The fact remains that not everyone reads the Old Testament as rationally as Thomas Römer. We must therefore state to our most nervous readers that it is not enough for a coalition of countries to attack Israel for the End Times to come. "There is a long section about the reconstruction of the Temple, and this reconstruction is, for certain currents of Judaism, the necessary condition for the return of the Messiah."
This reconstruction of the Temple of Jerusalem is detailed at length in Ezekiel, which consecrates interminable chapters to it, before specifying that the Temple must be rebuilt at its initial location, that is, the famous Temple Mount, in Jerusalem, where today there stands one of the most sacred spots in Islam, the Al-Aqsa Mosque.
In other words, it would require a truly apocalyptic train of circumstances for the conditions evoked in the prophecy to be reunited.
Ezekiel smoothes the way for American support to Israel
More widely, this text of Ezekiel explains the strong ties that have been woven between the United States and the state of Israel. "For George W. Bush, this text has political consequences," Thomas Römer goes on. "Like many American Christians, he believes that God will be on the side of Israel during the final confrontation, so, therefore, the enemies of that country will be on the side of the Antichrist. He will therefore support Israel without weakening, because he is deeply convinced that when the end time arrives, it is necessary to be on the side of Israel."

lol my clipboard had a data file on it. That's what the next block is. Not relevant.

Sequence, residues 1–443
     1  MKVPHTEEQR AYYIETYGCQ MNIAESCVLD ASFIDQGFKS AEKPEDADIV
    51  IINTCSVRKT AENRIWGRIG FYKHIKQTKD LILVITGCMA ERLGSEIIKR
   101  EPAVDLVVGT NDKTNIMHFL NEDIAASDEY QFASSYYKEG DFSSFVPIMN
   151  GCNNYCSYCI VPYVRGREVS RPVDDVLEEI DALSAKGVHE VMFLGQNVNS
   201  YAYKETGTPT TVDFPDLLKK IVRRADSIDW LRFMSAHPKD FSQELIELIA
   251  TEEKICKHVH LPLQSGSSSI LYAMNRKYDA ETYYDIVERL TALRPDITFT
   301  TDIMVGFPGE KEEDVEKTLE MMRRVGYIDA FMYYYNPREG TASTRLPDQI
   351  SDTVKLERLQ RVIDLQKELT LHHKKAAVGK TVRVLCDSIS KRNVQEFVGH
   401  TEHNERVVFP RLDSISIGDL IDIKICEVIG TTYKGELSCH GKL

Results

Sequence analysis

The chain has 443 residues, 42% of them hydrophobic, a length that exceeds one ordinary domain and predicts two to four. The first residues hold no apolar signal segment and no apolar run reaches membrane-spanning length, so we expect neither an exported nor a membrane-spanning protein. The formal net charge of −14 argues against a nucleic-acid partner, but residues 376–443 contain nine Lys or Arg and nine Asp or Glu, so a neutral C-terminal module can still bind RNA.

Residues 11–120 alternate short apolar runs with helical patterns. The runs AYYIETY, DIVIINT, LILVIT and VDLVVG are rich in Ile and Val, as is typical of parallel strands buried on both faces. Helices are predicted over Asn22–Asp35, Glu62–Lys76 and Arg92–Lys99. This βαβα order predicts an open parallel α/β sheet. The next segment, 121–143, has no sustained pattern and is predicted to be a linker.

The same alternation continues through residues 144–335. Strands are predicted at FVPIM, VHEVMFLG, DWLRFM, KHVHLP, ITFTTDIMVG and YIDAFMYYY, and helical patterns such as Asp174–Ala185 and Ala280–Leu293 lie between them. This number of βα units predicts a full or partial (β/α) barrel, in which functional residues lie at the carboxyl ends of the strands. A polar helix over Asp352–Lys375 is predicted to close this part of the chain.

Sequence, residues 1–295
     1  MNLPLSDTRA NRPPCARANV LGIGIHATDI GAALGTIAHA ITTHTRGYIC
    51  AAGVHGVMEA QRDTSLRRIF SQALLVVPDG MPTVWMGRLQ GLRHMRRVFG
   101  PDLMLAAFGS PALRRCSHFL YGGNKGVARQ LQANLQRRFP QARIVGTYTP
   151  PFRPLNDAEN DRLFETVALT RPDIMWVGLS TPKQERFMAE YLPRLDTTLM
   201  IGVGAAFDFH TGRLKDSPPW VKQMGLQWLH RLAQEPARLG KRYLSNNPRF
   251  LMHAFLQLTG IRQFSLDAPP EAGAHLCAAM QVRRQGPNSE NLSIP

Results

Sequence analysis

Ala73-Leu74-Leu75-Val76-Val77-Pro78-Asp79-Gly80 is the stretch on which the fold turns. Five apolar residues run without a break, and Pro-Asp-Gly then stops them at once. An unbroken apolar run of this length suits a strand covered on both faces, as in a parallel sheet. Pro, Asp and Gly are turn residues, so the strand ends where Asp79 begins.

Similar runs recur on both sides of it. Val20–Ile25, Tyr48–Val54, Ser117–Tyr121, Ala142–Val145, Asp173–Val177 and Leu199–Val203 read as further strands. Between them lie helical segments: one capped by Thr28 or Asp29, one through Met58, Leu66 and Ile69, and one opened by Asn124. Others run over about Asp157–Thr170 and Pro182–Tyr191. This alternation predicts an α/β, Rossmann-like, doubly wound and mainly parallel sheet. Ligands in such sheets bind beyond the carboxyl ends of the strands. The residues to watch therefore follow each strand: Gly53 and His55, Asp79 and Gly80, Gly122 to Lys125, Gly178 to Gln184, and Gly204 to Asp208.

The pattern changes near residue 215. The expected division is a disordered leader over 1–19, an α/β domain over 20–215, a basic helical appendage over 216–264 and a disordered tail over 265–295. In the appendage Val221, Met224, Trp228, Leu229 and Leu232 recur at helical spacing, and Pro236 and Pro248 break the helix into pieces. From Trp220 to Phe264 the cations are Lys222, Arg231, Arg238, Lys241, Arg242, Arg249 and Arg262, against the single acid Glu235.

This may surprise Europeans, more used to analyses based on geopolitics, power ratios, and oil pipeline maps than they are to religiousness when the foreign policy of the United States is in question.
"This American interpretation is effectively overlooked by Europeans, who have lost that relationship to Biblical texts," the UNIL theologian continues. "Germans understand George W. Bush more easily than the French or the Swiss. For an American, these questions are central. To forget religiousness in analysis of the U.S. support for Israel is to be wrong."
Did these political reflections figure in the one-page report that Thomas Römer sent to the French President at the beginning of 2003? "No. I sent a Biblical note. One one page, I explained the context, I explained that it was an apocalyptic prophecy, with a cosmic battle of peoples. I spoke of Gygos and I said when it was written. And I have not heard back either from Jacques Chirac or his advisers."